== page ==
The Faculty of Education at the University of Regina hosted “Walking Together 2016: A Day of Education of Truth and Reconciliation” where over a 1,000 students grade 5-12 took part in learning about the colonial history of Canada and the path that is being built to help with healing and reconciliation. I was one of the lucky university students who got to volunteer their time to help with this event, ensuring that all students got an education that made them think about the importance of reconciliation.
I was facilitating the Blanket Exercise, which really engaged the students. The team I was with used the junior kit, and presented to a 7/8 class where the majority of students were Aboriginal or of an new Immigrant background. For some of the students this was the first time they ever heard about Canada’s secret history, others had a good understanding because the survivors are their parents and grandparents. Something that I found interesting was how disengaged the teachers of this group was, when maybe of their students ended up in tears while debriefing in the talking circle.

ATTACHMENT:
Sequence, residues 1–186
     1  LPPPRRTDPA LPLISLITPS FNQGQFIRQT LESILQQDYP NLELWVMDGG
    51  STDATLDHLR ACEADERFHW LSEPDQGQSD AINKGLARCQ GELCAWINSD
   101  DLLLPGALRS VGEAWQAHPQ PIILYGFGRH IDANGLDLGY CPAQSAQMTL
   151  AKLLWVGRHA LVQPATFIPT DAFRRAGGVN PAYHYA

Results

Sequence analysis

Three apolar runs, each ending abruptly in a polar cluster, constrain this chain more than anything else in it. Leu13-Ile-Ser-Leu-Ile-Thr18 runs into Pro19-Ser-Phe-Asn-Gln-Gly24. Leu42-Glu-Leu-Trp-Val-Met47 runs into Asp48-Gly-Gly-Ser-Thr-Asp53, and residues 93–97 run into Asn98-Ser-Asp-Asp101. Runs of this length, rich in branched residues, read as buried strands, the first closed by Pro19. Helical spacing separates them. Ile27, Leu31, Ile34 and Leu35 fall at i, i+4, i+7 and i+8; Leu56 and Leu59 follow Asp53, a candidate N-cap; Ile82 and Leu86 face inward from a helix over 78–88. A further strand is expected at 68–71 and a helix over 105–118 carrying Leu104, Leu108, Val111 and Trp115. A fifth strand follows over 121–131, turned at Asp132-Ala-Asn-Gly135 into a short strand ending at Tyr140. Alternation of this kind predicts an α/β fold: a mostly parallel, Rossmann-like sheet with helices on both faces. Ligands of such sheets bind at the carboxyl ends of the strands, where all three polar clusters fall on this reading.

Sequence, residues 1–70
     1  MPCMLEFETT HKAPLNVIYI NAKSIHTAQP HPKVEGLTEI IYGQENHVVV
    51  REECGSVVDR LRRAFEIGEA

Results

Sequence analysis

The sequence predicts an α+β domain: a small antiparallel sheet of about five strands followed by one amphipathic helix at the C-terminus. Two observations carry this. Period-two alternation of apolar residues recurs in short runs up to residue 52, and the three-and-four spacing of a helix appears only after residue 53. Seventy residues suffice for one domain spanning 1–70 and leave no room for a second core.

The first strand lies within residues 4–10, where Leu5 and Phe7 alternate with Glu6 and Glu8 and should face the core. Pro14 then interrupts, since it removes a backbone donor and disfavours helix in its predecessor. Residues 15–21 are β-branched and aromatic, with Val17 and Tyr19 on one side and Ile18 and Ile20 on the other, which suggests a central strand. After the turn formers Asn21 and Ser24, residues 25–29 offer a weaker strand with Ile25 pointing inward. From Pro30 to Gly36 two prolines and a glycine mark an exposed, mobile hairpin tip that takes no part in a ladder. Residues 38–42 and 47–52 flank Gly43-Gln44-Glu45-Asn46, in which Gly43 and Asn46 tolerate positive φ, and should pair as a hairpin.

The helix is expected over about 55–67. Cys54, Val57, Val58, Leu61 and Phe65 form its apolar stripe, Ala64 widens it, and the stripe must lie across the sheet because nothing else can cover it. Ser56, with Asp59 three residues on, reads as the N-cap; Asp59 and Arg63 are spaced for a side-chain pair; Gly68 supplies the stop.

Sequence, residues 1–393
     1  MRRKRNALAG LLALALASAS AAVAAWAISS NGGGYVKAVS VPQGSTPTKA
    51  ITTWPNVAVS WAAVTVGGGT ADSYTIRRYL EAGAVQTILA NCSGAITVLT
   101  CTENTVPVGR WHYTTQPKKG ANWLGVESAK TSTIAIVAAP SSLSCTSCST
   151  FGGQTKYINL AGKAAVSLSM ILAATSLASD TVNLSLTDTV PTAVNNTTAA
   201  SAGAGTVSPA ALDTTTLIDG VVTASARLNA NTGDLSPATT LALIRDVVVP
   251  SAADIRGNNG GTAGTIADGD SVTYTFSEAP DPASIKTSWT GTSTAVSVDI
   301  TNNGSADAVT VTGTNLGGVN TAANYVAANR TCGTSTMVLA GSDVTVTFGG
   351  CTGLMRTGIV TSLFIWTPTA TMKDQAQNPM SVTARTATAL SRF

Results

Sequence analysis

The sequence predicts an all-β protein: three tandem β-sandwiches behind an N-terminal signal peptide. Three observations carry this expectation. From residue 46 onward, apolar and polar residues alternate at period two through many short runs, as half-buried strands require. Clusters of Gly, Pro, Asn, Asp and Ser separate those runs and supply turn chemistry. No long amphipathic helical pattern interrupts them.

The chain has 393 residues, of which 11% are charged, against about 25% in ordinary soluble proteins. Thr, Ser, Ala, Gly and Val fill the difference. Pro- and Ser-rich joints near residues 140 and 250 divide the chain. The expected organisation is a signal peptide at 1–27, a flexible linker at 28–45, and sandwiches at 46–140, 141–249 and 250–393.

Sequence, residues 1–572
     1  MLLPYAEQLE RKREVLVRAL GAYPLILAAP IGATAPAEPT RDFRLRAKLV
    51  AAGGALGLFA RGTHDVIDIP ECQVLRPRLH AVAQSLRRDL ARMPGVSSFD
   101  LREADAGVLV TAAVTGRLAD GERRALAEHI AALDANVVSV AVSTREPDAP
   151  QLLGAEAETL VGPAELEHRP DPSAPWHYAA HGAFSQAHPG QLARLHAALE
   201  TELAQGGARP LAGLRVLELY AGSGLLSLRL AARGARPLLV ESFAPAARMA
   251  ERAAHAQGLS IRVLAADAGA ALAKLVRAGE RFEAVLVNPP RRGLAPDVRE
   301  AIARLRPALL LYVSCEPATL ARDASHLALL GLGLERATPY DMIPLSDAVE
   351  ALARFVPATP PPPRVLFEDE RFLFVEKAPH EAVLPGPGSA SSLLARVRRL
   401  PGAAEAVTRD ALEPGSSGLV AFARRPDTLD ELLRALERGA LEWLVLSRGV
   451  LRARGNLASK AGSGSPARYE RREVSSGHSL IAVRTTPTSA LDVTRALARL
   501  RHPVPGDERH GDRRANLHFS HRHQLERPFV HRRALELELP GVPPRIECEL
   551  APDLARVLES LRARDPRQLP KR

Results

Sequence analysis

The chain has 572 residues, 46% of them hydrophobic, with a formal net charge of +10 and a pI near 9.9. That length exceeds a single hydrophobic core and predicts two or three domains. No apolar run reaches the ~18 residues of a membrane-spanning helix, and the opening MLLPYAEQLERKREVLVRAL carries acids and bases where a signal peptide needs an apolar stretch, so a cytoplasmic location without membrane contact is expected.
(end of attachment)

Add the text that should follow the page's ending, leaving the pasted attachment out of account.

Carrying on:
The other class that I was with had very engaged teachers who actually resisted the folding of the blankets. I have facilitated the blanket exercise four times before this, and participated twice, I have never seen people actually resist the folding of the blankets, usually they are complacent and help fold the blanket smaller without even realizing that they are allowing colonialism to happen as they stand by passively. The students took a lot of notice to the resistance, which caused the students to start resisting. This was easily one of the most productive Blanket Exercises that I have facilitated.
The whole day taught me a lot about the passion students have for fixing the wrong of the past, and while there is a long road before reconciliation will be complete, having multiple generations of people who are passionate about making reconciliation happen is very inspiring to go in depth when teaching about reconciliation and encouraging students to take action. walking-together